his father had written about his memoirs of growing up on the
prairie, which I thought was more vivid and more carefully written
than any other first-person homsteader narrative I'd seen before.
Eventually, the two of us went looking for his father's childhood
It was while I was there, looking at a land the likes of which I had
never seen before, that I thought, Christ, people came out here from
places like England. They had a dream about what it was going to be
like in America, and then got deposited into this enormity. It was the
archetype of the immigrant's encounter with the New World. You
couldn't get more of a New World than this place, something that just
defeats all your senses, your habits of thinking about landscape. How
could you, deposited here from a train, learn to call it home -- and
that's the ultimate question for immigrants, isn't it?
RH: You certainly seem to have come to terms with being
in America in your six years here.
JR: Well, they gave me this lovely title, "resident alien," on my
green card. I guess every writer is a resident alien in his own
country; I certainly always felt I was in England, but it's wonderful
to have the INS give me a formal title that I can use -- "What are
you?" "Well, I'm a resident alien." It's an alienation that one doesn't
have to strive for.
RH: Another important aspect to this story is the constant struggle
between the individualists and the government over who's going to
control the land.
JR: It seems like the government needed to get people into
debt to bring them into the social lie. There's nothing like saddling
people with all sorts of monthly payments for turning them into
responsible citizens. And boy, did these people have monthly
payments. The ones who made it through, and whose descendants
still live there today, are the people who did not submit to the
blandishments of the smiling bank managers, who didn't take on a
big debt, didn't get into the waste of the machinery. If you talk to
people now, they'll often tell you that their fathers and grandfathers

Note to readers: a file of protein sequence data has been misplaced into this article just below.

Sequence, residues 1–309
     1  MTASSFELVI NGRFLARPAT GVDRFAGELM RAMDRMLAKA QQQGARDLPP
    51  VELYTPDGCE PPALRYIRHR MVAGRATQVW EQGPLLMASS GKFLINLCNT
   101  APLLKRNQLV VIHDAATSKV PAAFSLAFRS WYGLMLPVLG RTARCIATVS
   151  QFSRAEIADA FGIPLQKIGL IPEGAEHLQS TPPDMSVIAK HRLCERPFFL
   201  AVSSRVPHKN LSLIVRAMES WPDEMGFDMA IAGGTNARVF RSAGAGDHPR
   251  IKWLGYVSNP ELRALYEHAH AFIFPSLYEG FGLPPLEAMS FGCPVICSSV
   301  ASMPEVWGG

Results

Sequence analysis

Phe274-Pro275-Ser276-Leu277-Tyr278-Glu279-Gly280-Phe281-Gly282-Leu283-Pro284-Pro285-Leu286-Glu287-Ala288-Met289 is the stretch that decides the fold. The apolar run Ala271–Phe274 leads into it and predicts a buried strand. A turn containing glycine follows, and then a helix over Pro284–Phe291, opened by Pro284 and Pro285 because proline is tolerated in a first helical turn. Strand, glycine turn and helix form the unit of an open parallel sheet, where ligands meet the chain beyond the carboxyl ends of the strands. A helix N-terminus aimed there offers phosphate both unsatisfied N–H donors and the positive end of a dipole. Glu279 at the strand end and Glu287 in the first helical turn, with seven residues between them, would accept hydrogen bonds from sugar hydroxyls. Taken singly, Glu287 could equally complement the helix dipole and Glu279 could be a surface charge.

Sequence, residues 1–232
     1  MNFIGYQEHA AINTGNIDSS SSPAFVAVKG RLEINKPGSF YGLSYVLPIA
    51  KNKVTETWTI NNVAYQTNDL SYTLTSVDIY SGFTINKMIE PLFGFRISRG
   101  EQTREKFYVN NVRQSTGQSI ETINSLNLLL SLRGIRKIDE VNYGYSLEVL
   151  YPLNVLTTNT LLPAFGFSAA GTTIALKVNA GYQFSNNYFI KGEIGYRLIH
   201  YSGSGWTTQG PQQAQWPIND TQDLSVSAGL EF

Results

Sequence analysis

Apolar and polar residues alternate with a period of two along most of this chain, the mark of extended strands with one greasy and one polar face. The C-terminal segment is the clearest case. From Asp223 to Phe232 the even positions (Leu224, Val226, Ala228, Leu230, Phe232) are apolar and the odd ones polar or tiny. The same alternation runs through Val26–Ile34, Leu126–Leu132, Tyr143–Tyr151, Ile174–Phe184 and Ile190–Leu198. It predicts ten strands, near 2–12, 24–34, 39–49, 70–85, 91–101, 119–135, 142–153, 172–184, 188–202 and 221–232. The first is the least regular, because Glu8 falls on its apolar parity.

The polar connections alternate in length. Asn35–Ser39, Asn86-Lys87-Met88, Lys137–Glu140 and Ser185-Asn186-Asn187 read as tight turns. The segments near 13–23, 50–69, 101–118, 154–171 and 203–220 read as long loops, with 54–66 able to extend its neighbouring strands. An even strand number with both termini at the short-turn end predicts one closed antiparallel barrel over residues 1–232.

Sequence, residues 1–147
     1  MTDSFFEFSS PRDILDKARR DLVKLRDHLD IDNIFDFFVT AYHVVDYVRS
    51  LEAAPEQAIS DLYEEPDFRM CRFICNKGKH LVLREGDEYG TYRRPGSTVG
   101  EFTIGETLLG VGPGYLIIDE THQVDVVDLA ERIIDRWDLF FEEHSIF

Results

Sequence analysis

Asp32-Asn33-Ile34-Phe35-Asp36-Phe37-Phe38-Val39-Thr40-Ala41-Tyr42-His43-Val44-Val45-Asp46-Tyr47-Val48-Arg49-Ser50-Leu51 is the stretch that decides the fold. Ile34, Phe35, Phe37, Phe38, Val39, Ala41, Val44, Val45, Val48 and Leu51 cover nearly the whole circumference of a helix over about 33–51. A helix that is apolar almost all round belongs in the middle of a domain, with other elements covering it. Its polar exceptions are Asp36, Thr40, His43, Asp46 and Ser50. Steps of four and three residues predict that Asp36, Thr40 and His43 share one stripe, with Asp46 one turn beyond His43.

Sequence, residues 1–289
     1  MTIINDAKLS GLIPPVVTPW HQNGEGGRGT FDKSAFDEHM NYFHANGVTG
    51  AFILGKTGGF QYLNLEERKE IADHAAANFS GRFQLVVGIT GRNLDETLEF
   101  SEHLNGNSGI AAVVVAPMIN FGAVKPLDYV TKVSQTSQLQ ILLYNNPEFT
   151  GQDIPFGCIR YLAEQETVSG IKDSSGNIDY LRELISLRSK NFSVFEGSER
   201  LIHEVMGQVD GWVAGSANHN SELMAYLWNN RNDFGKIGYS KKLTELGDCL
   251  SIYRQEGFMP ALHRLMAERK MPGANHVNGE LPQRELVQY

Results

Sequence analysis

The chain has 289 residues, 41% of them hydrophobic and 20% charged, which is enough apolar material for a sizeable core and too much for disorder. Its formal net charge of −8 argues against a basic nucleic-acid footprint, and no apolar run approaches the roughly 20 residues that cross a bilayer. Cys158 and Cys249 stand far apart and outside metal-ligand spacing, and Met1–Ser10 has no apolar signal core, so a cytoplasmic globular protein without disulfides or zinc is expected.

were still plowing with horses long after everybody else had bought
the tractors that eventually bankrupted them into starvation. Or they
were the sort of strongly religious people who saw all the inclement
weather, and the droughts, and the plagues of grasshoppers, as proof
that they were living in the last days, that the Lord would be coming
with a flourish of trumpets and the horsemen of the Apocalypse
would be riding into eastern Montana, and that that was a good
reason for them to stay.
RH: What's next for you?
JR: The book that I dropped to write this was set at sea. What
it lacked, what caused me to put it aside, was a narrative spine. It
was going out in too many directions, and although I'd written about
fifty or sixty pages, it didn't seem to be developing an internal
momentum. Each new page was an awful labor, and I feel that if a
book really needs to be written, then it ought to be writing itself at
But I want very much to write another book about the sea. The sea is
a vital part of our culture, and how we interpret it, how we position
ourselves in relation to it, changes radically from one period to the
next. And as I was finishing Bad Land, I realized that was this
book had been missing was a sense of a real voyage, not just a
physical voyage but a voyage along a line of enquiry. And I spent a
good portion of this summer sailing from Seattle to Juneau, Alaska,
alone, and that trip is the narrative spine on which I can build a
story about the sea.